8. If the IP assets are sold, but are subject to an existing granted licence, that licensee will be concerned to ensure that the buyer honours the terms of that existing licence. If the licence cannot be terminated upon an insolvency event by the licensor in respect of its own insolvency, administration or financial position, then there is still the possibility that the insolvency practitioner may look to disclaim an existing licence as an onerous contract, especially, if there is no further financial value or benefit in it to the licensor through payment of on-going royalties. However, that is an extreme measure for an insolvency practitioner to take and unusual. If not recorded already, then the existing licensee should try to put itself in the best position by ensuring that the licence is recorded immediately at the relevant IPOs in respect of the relevant patents or registered trade marks or designs, such as to put the new owner on deemed notice. The existing licensee may also want to communicate with the new owner to put that owner on express notice of the terms of the existing licence and their rights.
9. Particular issues may arise, where ownership of a brand or technology is split by territory or region. It may cause issues going forward, opening up the possibility of parallel (grey) imports from one territory to another, such that the buyer faces unforeseen competition in the market in which it has the exclusive rights to the brand or patented technology. Similarly, with brands, there are often concerns that the uniformity of the brand globally may diverge, as different owners exploit different brand positioning or images. Not only can this confuse consumers (who assume that brands are always owned globally), but can potentially lead to challenges that the trade marks may lack distinctiveness, where owned and managed by different proprietors. The answer may be to regulate these issues proactively, by entering into a co-existence or delimitation agreement at the time of sale between the buyer and seller (or other buyers). This should address issues such as: (a) one party not registering new trade marks outside their territory; (b) sale into other parties’ territories, whether deliberately or permitting parallel imports (so-called active, rather than passive sales); (c) use of country specific domains, URLs and social media handles. This may also include parties adhering to a basic brand manual, common in franchising arrangements. All of these steps can be a sensible way to address potential issues, before they arise, to try to minimise the prospect of future disputes and strengthen a buyer’s position if a dispute arises. It may also be sensible for the parties to consider collaborating on brand image and styles for each season, especially in fashion, including for a buyer to have access to any historic design or fabric catalogues.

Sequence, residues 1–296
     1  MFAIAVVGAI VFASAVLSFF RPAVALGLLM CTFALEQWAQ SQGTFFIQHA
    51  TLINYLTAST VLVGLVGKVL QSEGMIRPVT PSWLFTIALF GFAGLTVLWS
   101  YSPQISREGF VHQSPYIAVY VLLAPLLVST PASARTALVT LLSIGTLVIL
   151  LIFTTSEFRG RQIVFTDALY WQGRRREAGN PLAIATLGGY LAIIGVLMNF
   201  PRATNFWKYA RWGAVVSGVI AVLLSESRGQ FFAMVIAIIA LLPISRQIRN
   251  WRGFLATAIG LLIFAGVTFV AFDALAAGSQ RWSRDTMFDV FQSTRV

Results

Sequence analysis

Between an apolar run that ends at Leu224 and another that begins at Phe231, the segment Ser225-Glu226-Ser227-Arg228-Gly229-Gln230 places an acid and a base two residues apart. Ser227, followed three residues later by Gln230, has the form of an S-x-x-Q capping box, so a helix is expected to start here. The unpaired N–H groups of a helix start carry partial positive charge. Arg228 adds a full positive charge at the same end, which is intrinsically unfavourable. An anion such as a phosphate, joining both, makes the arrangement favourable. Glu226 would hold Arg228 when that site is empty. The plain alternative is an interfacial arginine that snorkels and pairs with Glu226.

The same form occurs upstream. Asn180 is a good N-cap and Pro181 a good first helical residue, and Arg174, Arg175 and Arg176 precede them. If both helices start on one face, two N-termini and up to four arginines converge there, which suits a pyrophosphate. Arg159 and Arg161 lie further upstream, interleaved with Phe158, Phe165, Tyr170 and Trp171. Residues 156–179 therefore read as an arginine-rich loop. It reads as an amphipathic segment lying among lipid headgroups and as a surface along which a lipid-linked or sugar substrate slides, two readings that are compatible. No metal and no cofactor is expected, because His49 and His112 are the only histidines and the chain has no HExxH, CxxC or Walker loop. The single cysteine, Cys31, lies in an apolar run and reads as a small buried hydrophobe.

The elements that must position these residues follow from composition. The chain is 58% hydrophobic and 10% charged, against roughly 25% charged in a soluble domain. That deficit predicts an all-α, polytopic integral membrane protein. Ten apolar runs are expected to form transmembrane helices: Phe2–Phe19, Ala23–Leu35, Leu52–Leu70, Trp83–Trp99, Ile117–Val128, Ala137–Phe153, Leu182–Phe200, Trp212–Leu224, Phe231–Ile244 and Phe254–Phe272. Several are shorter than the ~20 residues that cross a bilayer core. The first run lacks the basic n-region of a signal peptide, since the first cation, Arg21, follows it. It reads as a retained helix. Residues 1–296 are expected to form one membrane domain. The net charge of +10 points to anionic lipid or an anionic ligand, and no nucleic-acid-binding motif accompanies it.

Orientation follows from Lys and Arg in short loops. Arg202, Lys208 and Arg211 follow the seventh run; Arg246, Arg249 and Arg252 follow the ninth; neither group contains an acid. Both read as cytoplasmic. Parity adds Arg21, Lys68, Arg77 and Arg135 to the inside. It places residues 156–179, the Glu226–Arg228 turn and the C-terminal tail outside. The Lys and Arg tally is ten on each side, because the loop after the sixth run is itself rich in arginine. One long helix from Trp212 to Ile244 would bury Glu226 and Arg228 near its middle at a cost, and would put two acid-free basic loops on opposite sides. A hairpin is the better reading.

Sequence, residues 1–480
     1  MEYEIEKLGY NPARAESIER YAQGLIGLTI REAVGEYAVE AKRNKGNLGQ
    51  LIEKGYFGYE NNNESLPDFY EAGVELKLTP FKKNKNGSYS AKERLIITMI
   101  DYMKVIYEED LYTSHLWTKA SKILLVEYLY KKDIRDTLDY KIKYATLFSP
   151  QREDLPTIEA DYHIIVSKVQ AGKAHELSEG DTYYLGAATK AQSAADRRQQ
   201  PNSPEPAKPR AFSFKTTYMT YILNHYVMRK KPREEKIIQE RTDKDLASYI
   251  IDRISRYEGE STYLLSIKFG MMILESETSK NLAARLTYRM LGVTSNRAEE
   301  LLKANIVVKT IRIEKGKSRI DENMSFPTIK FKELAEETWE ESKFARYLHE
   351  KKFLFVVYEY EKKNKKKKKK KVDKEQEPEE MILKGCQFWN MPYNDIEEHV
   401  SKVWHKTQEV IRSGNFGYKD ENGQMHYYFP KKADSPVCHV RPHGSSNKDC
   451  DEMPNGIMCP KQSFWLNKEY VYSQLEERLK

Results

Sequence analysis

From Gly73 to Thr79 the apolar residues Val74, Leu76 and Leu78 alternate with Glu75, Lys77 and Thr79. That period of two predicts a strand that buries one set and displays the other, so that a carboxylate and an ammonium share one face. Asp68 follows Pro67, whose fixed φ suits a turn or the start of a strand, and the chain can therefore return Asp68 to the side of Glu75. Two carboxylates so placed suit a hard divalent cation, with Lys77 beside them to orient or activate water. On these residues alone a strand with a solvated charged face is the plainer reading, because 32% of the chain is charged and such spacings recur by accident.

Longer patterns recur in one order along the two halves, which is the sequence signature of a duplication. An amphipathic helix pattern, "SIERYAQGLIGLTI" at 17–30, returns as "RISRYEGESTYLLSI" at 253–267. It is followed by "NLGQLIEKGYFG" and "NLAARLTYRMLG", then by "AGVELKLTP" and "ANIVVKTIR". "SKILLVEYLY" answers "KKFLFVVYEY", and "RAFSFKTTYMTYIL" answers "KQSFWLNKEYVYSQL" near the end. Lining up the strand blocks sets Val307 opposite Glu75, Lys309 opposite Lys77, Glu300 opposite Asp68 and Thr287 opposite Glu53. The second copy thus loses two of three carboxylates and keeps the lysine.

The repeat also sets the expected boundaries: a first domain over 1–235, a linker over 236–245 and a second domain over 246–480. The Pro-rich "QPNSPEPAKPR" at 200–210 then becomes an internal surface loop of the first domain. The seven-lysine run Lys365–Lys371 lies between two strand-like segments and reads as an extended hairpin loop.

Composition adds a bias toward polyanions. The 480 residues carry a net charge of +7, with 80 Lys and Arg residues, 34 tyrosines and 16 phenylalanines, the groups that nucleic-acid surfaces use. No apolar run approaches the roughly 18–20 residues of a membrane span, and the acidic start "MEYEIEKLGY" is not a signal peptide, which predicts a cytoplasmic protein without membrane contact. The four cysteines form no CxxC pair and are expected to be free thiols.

IP assets remain a critical part of most M&A transactions, whether acquisitions or disposals, joint ventures or collaborations or licensing deals. However, even in the immediate term, there is already an increasing focus on targeting asset deals involving key technology or brands (reflected by patents or trade marks in particular) for the reasons suggested in this article. These bring unique challenges and considerations for those both acquiring and disposing of such IP assets.
Our commercial IP team is uniquely placed to help advise strategically upon asset deals involving critical IP, working as part of our market leading corporate and project teams.